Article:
It's time for the second Alpha version of the upcoming 6.0 release of the Elastic stack. The Beats 6.0.0-alpha2 release comes with new features, some rethinking of old features, and bug fixes. This blog post covers the highlights.
Auditd alternative in Metricbeat, simpler to use
Auditd is the userspace component to the Linux Auditing System. It can audit every syscall in the Linux Kernel, and write audit records to log files. For example, it writes a log line every time a user accesses a file, starts a process, or connects to a socket. It’s part of the Linux kernel starting with 2.6.14. The power of auditd is that by inspecting the audit log files, you can track security-relevant events, detect misuse or unauthorized activities.
The auditd log format is a bit challenging to parse, but the auditd Filebeat module (available starting with Filebeat 5.4) parses the individual log lines for you.
Another issue with Auditd is that can generate a lot of data, so you need to be specific on what you look for in order to make use of it. This is partly because the Linux Audit Framework sends multiple messages for a single auditable event. For example, a rename syscall causes the kernel to sent eight separate messages. Each message describes a different aspect of the activity that is occurring (the syscall itself, file paths, current working directory, process title). To be more valuable, these events need to be correlated together.
So, we decided to create our own version of auditd that is easier to use and better integrated with the Elastic stack. For this, we created the audit module in Metricbeat. It establishes a subscription to the kernel to receive the events as they occur. Messages for one event can be interleaved with messages from another event. The audit module buffers the messages in order to combine related messages into a single event even if they arrive interleaved or out of order.
The Linux kernel only supports a single subscriber to the audit events so the audit Metricbeat module cannot be used simultaneously with a service like auditd. Auditd should be disabled if the audit module is being used.
The audit module is based on go-libaudit library, developed by us. It comes with two sample applications: audit and auparse. The audit application registers to receive audit events from the kernel and outputs the data it receives to stdout. The auparse application parses the log files from the Linux auditd process or the output of the audit application and it combines related log messages that are a part of the same event.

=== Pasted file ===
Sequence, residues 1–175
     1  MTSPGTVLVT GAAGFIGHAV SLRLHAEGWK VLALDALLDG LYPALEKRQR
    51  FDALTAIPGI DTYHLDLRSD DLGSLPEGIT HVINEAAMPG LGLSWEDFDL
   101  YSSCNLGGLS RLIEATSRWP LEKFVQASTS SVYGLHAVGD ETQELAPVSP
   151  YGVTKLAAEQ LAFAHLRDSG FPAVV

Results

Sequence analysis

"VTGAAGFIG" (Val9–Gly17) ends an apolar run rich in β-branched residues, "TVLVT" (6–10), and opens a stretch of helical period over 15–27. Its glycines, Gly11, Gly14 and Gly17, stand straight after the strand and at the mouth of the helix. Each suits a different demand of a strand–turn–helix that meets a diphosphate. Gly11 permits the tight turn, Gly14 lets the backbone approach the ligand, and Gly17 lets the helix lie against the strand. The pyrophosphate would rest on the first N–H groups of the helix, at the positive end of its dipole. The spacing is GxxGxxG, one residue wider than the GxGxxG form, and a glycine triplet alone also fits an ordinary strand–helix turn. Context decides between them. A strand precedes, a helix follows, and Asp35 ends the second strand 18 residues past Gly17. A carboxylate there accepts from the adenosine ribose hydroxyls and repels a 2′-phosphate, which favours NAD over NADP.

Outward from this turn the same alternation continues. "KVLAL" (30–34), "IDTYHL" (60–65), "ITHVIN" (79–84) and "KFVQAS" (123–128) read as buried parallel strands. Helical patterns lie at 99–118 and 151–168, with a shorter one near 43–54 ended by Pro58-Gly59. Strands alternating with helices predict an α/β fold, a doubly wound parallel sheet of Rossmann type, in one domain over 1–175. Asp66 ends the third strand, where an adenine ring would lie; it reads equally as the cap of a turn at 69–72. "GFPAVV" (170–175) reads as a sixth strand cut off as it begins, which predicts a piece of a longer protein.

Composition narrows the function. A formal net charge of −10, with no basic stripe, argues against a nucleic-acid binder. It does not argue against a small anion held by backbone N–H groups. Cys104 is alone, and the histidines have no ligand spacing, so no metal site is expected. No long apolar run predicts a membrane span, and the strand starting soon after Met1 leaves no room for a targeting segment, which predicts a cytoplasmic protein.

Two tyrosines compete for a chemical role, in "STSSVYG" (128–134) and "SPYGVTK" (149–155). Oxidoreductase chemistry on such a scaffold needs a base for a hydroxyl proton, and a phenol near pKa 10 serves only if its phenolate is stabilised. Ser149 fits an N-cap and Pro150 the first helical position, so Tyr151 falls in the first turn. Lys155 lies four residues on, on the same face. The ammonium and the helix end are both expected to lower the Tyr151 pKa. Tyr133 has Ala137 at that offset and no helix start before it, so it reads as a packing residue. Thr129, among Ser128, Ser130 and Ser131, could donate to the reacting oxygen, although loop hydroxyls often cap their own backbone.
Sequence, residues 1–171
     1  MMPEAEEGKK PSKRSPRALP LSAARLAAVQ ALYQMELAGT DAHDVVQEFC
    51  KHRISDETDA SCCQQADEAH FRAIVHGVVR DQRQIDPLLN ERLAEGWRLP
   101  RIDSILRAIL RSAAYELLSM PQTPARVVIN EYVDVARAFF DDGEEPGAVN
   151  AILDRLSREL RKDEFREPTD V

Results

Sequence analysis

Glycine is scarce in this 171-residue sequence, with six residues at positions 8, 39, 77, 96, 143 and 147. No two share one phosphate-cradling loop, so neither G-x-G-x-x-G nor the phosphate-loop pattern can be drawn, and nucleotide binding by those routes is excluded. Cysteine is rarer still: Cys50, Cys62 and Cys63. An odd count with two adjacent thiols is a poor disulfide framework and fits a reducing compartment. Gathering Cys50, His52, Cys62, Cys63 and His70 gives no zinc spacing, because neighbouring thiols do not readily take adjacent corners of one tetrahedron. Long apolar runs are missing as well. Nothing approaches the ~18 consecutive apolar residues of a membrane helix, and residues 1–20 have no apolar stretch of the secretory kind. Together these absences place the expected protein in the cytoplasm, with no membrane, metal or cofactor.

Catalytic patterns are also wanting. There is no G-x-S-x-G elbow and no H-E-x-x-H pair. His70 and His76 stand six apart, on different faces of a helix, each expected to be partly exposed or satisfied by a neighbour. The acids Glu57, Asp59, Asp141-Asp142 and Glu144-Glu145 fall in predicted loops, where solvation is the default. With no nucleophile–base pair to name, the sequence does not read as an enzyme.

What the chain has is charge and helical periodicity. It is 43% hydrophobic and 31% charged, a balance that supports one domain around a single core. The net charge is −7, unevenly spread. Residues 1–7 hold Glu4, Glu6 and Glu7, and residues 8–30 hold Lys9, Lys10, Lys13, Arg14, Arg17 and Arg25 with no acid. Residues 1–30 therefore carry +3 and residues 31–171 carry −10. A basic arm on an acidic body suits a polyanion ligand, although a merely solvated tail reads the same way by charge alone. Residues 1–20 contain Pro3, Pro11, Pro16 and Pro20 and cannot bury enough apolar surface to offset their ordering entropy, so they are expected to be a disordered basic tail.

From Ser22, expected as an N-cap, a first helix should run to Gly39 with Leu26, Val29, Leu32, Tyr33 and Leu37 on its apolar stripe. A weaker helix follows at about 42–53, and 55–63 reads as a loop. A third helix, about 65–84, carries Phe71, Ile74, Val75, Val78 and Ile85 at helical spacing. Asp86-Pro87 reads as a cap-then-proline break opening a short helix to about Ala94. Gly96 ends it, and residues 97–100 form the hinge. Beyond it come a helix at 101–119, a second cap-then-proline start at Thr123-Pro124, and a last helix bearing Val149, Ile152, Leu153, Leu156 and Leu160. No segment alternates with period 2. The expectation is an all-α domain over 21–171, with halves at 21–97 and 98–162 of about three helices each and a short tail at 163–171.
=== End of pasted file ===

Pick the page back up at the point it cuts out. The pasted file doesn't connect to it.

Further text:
To make use of the audit module, you need to install manually the audit rules to the Kernel. The audit rules are where you configure the activities that are audited. These rules are configured as either syscalls or files that should be monitored. For example you can track all
connect syscalls or file system writes to
/etc/passwd. As a next step, we are planning to have the audit module load automatically the audit rules, to make it easier for the user.
The audit module is a beta feature, and is subject to change.
New processor: add_docker_metadata
Inspired by the
add_kubernetes_metadata processor, which we added with Alpha1, the
add_docker_metadata processor queries the Docker API to enhance the events with the Docker name, image, and labels. To lookup the metadata, the processor currently needs the container ID to be present in one of the event fields. This is the case, for example, with the cgroups events created by the system module in Metricbeat.
processors: - add_docker_metadata: match_fields: ["system.process.cgroup.id"] host: "unix:///var/run/docker.sock"
TLS configuration for the connection with the Docker server is also possible.
Optimized Metricbeat default configuration
This release introduces a new default
metricbeat.yml, one that is better suited for the majority of metrics use cases. The new configuration takes advantage of the top N way of filtering processes, which we introduced in Alpha1, and it also uses the new way of generating the Elasticsearch mapping template to set the number of shards to 1 and to enable the best_compression codec. Finally, the new configuration sets better defaults for the filesystem data collection.
We expect this new default configuration to consume dramatically less Elasticsearch storage per day-host, while delivering almost the same value.
Metricbeat new modules
Just like Alpha1, this release comes with a set of new Metricbeat modules and improvements. Notable are the Vsphere and RabbitMQ modules, both contributed by @amandahla, the MacOS support for the diskio metricset, and several improvements to the Kubernetes module.
If you want to make use of the new features added in Beats 6.0.0, please download the latest preview release, install it, and let us know what you think on Twitter (@elastic) or in our forum.